Some Top Funds Are Dumping Bonds

NEW YORK ( TheStreet) -- Bond funds have been struggling. The average intermediate-term fund dropped 1.9% during the past month. Rising interest rates have caused the losses. When rates climb, bond prices tend to fall. Is it time to start trimming your bond holdings? Some top-performing fund managers think so. These managers oversee balanced funds, which hold mixes of stocks and bonds. Lately the funds have been lowering their allocations to fixed income.

The shift by the managers is worth considering because the funds have all shown deft timing in the past. During the stock downturn of 2008, the managers moved into fixed income, helping to protect shareholders. All the funds finished in the top quarter of Morningstar's moderate allocation category for the past five years. The strong performers include Franklin Income ( FKINX), Madison Diversified Income ( MBLAX), Villere Balanced Fund ( VILLX) and Westwood Income Opportunity ( WWIAX).

Ed Perks, portfolio manager of Franklin Income, has made a particularly dramatic move. Concerned about shaky stock markets in 2011, Perks had two-thirds of assets in fixed income and one third in equities. But now he has reversed the allocations, putting about two thirds in equities. "We lost interest in fixed-income as the market went through a transition in recent years to lower yields," he says.

Perks can invest in a variety of bonds, but he is shying away from high-yield securities, which are rated below investment grade. Those now yield 5.25% -- not enough to compensate for the risks, says Perks. For extra protection, he has been trimming bonds that have maturities of more than seven years. The longer bonds tend to fall sharply when interest rates rise.

Villere Balanced can hold 25% to 40% of assets in bonds. The fund is currently near its bottom limit. "We are worried that the next move in interest rates will be up," says portfolio manager Sandy Villere, III.

Villere says that in the past month interest rates on 10-year Treasuries rose from 1.7% to 2.2%. That caused the bond prices to fall by 4%. "People who bought 10-year Treasuries a month ago have already lost two years' worth of interest," he says.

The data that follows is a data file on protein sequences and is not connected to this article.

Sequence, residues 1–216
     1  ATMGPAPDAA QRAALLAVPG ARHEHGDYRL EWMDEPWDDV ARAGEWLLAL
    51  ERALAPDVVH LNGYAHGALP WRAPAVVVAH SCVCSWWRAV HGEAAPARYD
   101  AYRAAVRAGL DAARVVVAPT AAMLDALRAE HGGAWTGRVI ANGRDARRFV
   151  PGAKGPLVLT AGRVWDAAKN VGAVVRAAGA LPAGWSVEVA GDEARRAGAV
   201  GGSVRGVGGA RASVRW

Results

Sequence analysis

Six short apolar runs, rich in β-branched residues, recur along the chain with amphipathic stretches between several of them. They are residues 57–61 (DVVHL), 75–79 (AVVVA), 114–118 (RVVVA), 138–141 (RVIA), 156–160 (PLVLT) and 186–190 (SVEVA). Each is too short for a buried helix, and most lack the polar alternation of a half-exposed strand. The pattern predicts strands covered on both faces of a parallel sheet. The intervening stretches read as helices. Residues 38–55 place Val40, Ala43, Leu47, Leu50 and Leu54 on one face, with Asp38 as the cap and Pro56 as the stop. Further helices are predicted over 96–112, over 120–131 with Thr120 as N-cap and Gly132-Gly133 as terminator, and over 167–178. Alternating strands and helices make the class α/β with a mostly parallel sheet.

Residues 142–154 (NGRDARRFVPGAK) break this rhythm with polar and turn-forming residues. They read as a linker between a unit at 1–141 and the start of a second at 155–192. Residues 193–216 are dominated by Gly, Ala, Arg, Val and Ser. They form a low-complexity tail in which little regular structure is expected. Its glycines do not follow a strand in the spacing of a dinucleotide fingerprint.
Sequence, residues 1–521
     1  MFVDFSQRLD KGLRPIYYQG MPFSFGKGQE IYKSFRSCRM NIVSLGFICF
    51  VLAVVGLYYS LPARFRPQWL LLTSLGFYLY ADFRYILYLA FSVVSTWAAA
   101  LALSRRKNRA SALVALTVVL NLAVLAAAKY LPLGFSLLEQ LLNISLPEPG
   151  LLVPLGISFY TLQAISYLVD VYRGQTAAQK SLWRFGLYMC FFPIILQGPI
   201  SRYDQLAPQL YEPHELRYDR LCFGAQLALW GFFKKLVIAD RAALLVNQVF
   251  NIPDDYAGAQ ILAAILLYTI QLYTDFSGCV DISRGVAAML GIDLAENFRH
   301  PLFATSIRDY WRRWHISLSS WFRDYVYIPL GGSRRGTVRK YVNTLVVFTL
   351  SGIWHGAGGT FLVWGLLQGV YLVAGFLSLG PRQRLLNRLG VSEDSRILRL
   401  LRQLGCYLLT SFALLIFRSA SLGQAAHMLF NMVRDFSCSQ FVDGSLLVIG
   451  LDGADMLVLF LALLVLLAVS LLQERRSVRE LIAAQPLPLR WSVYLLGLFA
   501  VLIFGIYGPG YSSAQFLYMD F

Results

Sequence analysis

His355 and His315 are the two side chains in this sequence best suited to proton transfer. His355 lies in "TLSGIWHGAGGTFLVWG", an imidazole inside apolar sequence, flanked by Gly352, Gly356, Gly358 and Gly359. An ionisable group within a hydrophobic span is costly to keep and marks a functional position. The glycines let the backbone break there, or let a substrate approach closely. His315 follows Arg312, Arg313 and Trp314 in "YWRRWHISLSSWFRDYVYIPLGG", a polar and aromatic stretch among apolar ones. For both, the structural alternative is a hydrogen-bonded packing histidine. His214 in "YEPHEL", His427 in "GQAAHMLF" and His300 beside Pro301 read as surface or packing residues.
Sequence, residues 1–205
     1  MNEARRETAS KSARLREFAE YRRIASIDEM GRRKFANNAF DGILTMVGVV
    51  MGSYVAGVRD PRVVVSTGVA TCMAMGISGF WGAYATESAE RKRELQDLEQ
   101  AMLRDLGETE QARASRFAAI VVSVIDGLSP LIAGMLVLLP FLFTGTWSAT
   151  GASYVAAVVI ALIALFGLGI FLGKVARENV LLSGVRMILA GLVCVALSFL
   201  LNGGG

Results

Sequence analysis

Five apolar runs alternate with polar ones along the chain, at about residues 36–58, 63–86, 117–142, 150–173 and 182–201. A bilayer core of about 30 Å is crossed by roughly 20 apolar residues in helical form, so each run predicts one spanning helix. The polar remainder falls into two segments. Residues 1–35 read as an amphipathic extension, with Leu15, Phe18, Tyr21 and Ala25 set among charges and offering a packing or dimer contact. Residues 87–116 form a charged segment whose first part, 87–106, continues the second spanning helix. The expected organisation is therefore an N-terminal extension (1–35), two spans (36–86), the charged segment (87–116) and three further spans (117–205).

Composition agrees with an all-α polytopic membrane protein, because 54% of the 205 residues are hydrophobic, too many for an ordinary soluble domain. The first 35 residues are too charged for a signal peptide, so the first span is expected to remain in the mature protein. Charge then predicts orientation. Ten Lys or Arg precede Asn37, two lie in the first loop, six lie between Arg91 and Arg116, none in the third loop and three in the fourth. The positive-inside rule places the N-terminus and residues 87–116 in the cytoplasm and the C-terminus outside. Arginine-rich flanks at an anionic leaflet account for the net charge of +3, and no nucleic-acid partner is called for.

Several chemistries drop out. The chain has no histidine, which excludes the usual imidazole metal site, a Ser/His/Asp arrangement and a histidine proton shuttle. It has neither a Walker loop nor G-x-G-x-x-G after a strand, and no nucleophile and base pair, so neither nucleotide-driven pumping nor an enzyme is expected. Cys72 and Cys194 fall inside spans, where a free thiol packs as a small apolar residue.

For the stock portion of his fund, Villere seeks companies that are increasing earnings at annual rates of at least 15%. He prefers to buy when the price-earnings ratio is below the growth rate. A holding is Conn's ( CONN), a Texas-based retailer that has been increasing revenue at a 25% annual rate. Focusing on low-income customers, the chain sells appliances, TVs, and bedding. While it faces competition from larger chains such as Sears ( SHLD), Conn's achieves strong profit margins by offering credit and charging steep interest rates.

Westwood Income's bond allocation has dropped steadily, falling from 40% in 2008 to 15% now. The fund aims to deliver solid income while limiting risk. To do that, portfolio manager Mark Freeman can hold a variety of assets, including dividend stocks, master limited partnerships (MLPs), and real estate investment trusts. Freeman says that bonds represent some of the worst values in his universe. "Fixed income is the lowest-yielding part of my portfolio," he says.

Freeman likes MLPs, which produce income by owning energy pipelines and other assets. Many MLPs yield more than 5%. Freeman says that pipeline companies can show healthy revenue growth as the U.S. invests to exploit growing shale fields.

Madison Diversified Income keeps half its assets in stocks and the rest in bonds when the managers have a neutral outlook. The fund currently has 58% in equities. While portfolio manager Paul Lefurgey can put up to 10% of his bond holdings in high-yield securities, he only has 1.5% of assets in securities that are rated below-investment grade. "The riskier segments of the bond markets are very aggressively priced," he says.

Madison's stock holdings include rock-solid dividend payers, such as Johnson & Johnson ( JNJ) and 3M ( MMM). Such solid companies have helped the fund outdo competitors in downturns while delivering solid results in bull markets.

At the time of publication the author had no position in any of the stocks mentioned.

This article is commentary by an independent contributor, separate from TheStreet's regular news coverage.
Stan Luxenberg is a freelance writer specializing in mutual funds and investing. He was executive editor of Individual Investor magazine.

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